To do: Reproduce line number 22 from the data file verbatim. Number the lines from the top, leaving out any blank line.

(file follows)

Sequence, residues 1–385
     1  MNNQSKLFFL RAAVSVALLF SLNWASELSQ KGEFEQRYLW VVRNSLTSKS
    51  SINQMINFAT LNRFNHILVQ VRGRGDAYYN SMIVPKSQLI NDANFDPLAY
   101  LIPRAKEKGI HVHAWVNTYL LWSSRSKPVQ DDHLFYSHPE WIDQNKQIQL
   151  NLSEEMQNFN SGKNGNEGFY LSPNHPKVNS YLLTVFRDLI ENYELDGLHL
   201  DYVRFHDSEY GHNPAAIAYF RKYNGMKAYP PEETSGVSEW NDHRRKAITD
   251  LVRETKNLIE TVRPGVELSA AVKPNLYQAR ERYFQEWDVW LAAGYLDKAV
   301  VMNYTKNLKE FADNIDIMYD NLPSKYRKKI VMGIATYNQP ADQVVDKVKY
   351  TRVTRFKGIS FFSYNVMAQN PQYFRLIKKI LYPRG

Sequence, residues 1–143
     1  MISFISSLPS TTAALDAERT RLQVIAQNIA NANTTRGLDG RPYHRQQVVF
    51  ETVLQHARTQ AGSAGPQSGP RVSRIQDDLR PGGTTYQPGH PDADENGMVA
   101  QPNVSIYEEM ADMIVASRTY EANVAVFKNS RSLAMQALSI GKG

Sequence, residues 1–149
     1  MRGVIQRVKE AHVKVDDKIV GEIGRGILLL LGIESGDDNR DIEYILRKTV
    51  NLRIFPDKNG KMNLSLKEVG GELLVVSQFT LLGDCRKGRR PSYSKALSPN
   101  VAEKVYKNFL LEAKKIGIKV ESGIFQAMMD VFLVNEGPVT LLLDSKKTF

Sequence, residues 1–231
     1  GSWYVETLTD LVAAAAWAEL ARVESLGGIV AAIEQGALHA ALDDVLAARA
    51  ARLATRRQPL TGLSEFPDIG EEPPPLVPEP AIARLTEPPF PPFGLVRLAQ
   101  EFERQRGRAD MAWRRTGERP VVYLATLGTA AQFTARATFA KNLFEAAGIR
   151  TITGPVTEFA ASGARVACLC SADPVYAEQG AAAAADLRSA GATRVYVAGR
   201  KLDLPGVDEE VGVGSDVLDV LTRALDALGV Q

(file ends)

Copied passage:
   151  TITGPVTEFA ASGARVACLC SADPVYAEQG AAAAADLRSA GATRVYVAGR